FuSHa to Shami 8: Present tense

One of the first differences you discover between fuSHa and Shami (or indeed fuSHa and Egyptian) is that the present tense you’re used to seeing in fuSHa is always appearing with a mysterious b- prefix. It’s difficult to miss, since it appears all over the place. Of course, present tense verbs can also appear without b-, and often do – but in this case, they are typically doing something vaguely subjunctive-y which we will discuss in more detail later.

Conjugation

The forms are quite similar to the fuSHa subjunctive. As elsewhere, there are no dual and no plural feminine forms. There are two main sets of prefixes used for the present tense depending on whether the ‘stem’ (the part that remains constant between all the forms, like -dros- or -darres-) begins with a consonant cluster or a single consonant:

درس daras
‘study’

ana b-é-dros (b-a-dros)

بدرس

انا

inte b-té-dros (b-ti-dros)

بتدرس

انت

inti b-té-dros-i (b-ti-dros-i)

بتدرسي

انتي

huwwe b-yé-dros (b-i-dros)

 بيدرس, بدرس

هو

hiyye b-té-dros (b-ti-dros)

بتدرس

هي

ni7na m-né-dros (b-ni-dros)

مندرس

نحنه

intu b-té-dros-u (b-ti-dros-u)

بتدرسو

انتو

hinnen b-yé-dros-u (b-i-dros-u)

بيدرسو

هنن

 

درس darras
‘teach, put through school’

ana b-darres (b-a-darres)

بدرس

انا

inte b-ét-darres (b-it-darres)

بتدرس

انت

inti b-ét-darrs-i (b-it-darrs-i)

بتدرسي

انتي

huwwe b-i-darres

 بدرس

هو

hiyye b-ét-darres (b-it-darres)

بتدرس

هي

ni7na m-én-darres (b-in-darres)

مندرس

نحنه

intu bé-t-darrs-u (b-it-darrs-u)

بتدرسو

انتو

hinnen b-i-darrs-u

بيدرسو

هنن

 

There are some important things to note. Where fuSHa has a in all of its prefixes, Syrian and Lebanese have é throughout and Jordanian and Palestinian have i throughout except in the first person where they have a, like fuSHa. Secondly, because Jo/Pal have a- in the first person, this allows them to contract the third person masculine form byidros to bidros. This can lead to confusion for the learner, because in Leb/Syr bédros is first person, whilst in Pal/Jor it is third person masculine.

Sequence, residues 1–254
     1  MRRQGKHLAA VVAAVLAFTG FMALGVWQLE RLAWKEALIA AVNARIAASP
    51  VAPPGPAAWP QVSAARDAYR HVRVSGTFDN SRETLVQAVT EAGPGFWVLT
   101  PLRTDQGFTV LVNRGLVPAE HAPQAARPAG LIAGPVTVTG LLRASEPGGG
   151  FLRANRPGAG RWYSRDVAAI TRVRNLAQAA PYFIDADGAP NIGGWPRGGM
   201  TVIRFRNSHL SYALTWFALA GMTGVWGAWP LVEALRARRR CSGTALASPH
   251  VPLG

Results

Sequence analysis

Also important to note, although not related to fuSHa, is the first person plural, where b- changes to m- under the influence of n-. This does not happen for all speakers, however, and bn- is common especially in Jo/Pal.

As with the past tense, it’s a bit beyond the scope of this post to provide full conjugation tables for every kind of verb. But we should note one important exception to the Syrian/Lebanese selection of prefixes above. In the very common verbs 3éref ‘know’ and 3émel ‘do’, the prefix vowel is always in these dialects:

عمل ‭3émel
‘do’

ana b-a-3mel

بعمل

انا

inte b-ta-3mel

بتعمل

انت

inti b-ta-3mel-i

بتعملي

انتي

huwwe b-ya-3mel

 بيعمل

هو

hiyye b-ta-3mel

بتعمل

هي

ni7na m-na-3mel

منعمل

نحنه

intu b-ta-3mel-u

بتعملو

انتو

hinnen b-ya-3mel-u

بيعملو

هنن

 

This is not the case in Jor/Pal, where we get instead regular forms like bti3raf.

Usage

The present tense with b- is used to talk about generalisations, habitual action and dispositions. This mainly lines up with its use in fuSHa or the simple present in English:

بحبك b7ébbak ‘I love you’

بدرس دكتور bédros doktoor ‘I study medicine’

بروح لعندو كل يوم bruu7 la-3éndo kéll yoom ‘I go and see him every day’

Sometimes, however, it is best translated as ‘would’. This is its ‘dispositional’ usage and often involves an implied or present conditional:

محلي محلك ما بدفع ma7alli ma7allak maa bédfa3 ‘if I was in your shoes I wouldn’t pay’

It can also occasionally express continuous meaning, (e.g. Jor/Pal بمزح معك bamza7 ma3ak ‘I’m joking’). But this is more commonly expressed with the particle 3am which appears before either the b- form or the b-less form of the present tense:

ما عم بفهم عليك maa 3am béfham 3aleek ‘I’m not understanding you’

عم ييجي لعندك كتير هالإيام 3am yiiji la-3éndak @ktiir hal-2iyyaam ‘he’s coming to your house a lot these days’

Note that the present tense is negated by maa, not by laa as in fuSHa.

It is also used for the future:

اي بروح بكرا ee bruu7 bukra ‘yeah, I’ll go tomorrow’

And for polite requests/suggestions in Syr/Leb:

بتشرب قهوة؟ btéshrab 2ahwe? ‘would you like some coffee?’ [= will you drink]

بكون bikuun

The present tense form of the copula كان has a number of special uses. Firstly, it is commonly used (where we might expect no verb) when describing family relationships:

احمد بكون ابن خالي a7mad bikuun ib@n khaali – Ahmad is my cousin

هلبنت شو بتكنلك؟ halbin@t shu bétkén-lak? – what is this girl to you [= how is she related to you, she’s your what?]

It’s also used for future or for expressing conclusions:

بكرا الصبح بكون ع باب بيتك békra éSSéb@7 bikuun 3a baab beetak – I’ll be at your front door tomorrow morning

كل مخلوق ببعتلو فيديو خمس دقايق وبيضحك بعد دقيقة بكون مخلوق كذاب kéll makhluu2 béb3atlo viidyo kham@s da2aaye2 w byéD7ak ba3@d da2ii2a bikuun makhluu2 kazzaab – every person who I send a 5 minute video to who laughs after a minute is a liar [= will be a lying guy]

Leave a Reply